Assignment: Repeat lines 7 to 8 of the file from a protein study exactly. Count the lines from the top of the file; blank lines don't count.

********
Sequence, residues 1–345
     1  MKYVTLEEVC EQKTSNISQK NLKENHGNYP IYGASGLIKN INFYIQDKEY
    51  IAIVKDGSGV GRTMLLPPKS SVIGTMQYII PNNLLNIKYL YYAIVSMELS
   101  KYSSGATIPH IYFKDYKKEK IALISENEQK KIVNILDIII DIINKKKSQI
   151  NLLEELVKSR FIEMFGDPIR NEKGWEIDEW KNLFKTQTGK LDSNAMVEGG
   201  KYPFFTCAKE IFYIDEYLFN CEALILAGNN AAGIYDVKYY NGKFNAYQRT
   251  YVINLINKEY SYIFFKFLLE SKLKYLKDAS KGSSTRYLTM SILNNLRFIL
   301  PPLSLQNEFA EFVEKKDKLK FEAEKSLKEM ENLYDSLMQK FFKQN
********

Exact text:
   251  YVINLINKEY SYIFFKFLLE SKLKYLKDAS KGSSTRYLTM SILNNLRFIL
   301  PPLSLQNEFA EFVEKKDKLK FEAEKSLKEM ENLYDSLMQK FFKQN